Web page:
Put succinctly: if you can’t work, you must rest.

3. Additional notes regarding creative labour.

It has been documented by other studies that a regular output of creative labour requires a regular input of unplugging.

This is logical, as unplugging is a time – for some subjects, the only time while awake – where the subject is not absorbing more data, and the mind is allowed to be fallow, contemplative, and make its own connections. These connections are vital to the formation of truly creative thought, and are considerably less likely to occur in a subject whose brain is constantly stimulated.

Thus, a regular practice of unplugging is as vital as regular rest for the maintenance of creative labour. I mention this to highlight a part of the model: rest and unplugging are separate activities. Some hyper-efficient subjects have attempted to combine them, but thus far all attempts have reduced the output of one – or both – of the desired activities.

I look forward to your peer review of this model. I am confident you will find it accurate and applicable.

Regards,
Catherine
Doer of Science

  • http://remadebyhand.com/ Erin Kurup

    The “sortas” are my Achilles heels! (If one can have two!) I suspect somewhere I have boundary failure, or some underlying thing that is causing resistance to actual work, and that I should root out the issue so I can actually work. Because I get stuck in the sorta space so that neither rest/unplugging nor work is complete. It’s exhausting and discouraging. Now to implement this lovely theorem…

    • http://www.CashAndJoy.com Catherine Caine

      It is SO tricksy. My experiment is getting undercut by persistent cheating (“While The Dude is getting a drink, I’ll just quickly check my email. Aw, dangit!”) I think the more we try, the easier it gets.

      • http://remadebyhand.com/ Erin Kurup

        Yes! The cheating gets me. I’m terrible about quickly checking email as a “break” from working. And that’s like the one site I probably shouldn’t block with one of those focus-y type apps!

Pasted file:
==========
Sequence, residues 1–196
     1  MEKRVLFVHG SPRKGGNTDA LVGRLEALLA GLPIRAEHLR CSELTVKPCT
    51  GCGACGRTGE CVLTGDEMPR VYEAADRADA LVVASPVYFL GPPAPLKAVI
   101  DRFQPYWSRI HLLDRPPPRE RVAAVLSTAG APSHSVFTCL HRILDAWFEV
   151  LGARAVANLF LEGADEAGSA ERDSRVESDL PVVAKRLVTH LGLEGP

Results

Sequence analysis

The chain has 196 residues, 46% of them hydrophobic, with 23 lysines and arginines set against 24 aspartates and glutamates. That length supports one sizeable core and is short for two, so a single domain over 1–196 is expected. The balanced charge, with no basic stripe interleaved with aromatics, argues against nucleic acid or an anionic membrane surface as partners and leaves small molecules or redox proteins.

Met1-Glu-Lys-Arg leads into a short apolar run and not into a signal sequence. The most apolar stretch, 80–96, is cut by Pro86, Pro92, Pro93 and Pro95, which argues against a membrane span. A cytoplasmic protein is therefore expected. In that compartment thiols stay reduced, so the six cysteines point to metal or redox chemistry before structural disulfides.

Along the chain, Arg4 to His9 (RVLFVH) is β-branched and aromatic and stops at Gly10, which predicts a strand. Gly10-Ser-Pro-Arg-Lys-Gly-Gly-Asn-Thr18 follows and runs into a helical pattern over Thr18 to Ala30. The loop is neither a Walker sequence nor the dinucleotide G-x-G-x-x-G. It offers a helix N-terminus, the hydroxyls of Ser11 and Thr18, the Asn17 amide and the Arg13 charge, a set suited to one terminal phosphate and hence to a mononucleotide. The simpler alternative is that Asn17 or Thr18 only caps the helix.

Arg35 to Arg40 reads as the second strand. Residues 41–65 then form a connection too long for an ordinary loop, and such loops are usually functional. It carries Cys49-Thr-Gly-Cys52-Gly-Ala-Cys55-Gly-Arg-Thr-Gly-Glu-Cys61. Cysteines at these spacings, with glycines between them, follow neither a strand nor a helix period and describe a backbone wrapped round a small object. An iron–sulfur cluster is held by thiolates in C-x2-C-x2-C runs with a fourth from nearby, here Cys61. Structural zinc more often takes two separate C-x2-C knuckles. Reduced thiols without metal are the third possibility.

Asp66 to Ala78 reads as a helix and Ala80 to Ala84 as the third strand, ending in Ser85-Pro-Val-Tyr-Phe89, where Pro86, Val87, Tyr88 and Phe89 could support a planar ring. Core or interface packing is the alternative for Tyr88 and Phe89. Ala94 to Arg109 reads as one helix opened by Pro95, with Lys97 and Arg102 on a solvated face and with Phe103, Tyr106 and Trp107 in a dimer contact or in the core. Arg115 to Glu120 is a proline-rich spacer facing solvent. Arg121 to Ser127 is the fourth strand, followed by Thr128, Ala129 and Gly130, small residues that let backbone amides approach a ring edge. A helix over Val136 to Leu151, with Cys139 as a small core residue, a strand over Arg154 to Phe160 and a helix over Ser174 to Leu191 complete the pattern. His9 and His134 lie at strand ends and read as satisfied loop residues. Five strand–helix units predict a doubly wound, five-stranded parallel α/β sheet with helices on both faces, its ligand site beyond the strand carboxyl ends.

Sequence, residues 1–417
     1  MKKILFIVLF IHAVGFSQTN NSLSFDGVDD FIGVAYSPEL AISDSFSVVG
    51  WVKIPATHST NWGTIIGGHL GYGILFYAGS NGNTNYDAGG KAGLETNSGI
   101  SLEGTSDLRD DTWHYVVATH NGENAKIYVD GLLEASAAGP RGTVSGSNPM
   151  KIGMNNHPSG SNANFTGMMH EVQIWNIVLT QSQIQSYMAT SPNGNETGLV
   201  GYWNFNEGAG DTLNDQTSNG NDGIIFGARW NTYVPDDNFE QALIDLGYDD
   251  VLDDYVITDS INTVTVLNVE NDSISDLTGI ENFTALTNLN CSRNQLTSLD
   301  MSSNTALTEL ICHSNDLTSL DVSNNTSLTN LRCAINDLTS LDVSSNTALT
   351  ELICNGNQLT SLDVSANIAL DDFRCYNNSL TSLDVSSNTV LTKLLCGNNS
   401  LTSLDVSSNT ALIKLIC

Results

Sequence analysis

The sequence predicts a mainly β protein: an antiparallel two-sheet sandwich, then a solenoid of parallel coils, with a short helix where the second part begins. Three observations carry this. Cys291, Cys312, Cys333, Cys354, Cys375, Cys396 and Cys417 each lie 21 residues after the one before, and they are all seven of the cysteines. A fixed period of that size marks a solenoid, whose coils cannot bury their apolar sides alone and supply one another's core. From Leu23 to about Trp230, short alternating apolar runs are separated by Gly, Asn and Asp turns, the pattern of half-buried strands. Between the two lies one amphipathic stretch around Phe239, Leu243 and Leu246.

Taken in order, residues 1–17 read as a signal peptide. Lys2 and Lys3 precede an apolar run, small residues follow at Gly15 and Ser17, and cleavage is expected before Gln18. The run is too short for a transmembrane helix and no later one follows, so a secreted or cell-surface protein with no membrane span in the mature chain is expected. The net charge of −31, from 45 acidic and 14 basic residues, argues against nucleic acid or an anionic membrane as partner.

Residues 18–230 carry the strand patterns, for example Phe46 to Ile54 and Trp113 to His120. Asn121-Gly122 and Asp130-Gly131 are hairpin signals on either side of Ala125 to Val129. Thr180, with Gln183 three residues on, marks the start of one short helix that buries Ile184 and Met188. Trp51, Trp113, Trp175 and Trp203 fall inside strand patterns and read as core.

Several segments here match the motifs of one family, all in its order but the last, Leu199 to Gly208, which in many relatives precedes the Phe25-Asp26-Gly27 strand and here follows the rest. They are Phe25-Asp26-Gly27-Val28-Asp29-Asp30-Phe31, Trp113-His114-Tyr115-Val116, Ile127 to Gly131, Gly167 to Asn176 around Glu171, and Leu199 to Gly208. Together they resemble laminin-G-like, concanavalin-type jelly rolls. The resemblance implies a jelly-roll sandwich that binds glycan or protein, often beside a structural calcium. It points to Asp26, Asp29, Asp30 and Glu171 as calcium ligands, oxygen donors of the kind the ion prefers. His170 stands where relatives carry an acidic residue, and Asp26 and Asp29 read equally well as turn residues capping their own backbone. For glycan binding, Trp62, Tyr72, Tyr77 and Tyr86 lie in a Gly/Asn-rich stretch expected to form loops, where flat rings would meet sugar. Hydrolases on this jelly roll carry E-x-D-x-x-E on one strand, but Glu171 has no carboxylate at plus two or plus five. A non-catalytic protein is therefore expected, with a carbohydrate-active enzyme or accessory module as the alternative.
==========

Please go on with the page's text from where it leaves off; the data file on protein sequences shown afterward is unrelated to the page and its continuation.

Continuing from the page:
• http://www.CashAndJoy.com Catherine Caine

          We did it as a challenge in the Provocateurs, and I was VERY good for a little while. I have backslid. Time to try again!

          • http://remadebyhand.com/ Erin Kurup

            Ooh, challenge? I like the sound of that :)

  • http://www.jenvertanen.com/ Jen V. :: Biz Strategist

    You. Are. Brilliant!!!!! And I have a horrible case of the ‘sortas’..hm….me’thinks I have some work to do around this :).

    • http://www.CashAndJoy.com Catherine Caine

      JOIN US. Banish the sortas! Live free, comrade!

  • http://twitter.com/Hoombah Great Jollyhoombah

    Your writing is absolutely electrifying. I just begged my wife to please hie herself over to your site and have a poke around. It is laugh out loud in the library or perhaps church if one is so inclined, funny.

    Oh, and the post. Yes, sorta-kinda was a fantastic resource when I taught music in public school. I hated what I was doing, so I devised several activities that made me appear to be furiously busy but took very low levels of energy. Then I would scurry of to my office on break and creatively labour my effing head off toward finding new and improved employment.

    • http://www.CashAndJoy.com Catherine Caine

      Thank you very kindly for the beam-inducing compliment!

      Yes, I suspect most of us pick up sorta-kinda during our tenures in Day Job Land. You have to do a lot of it there.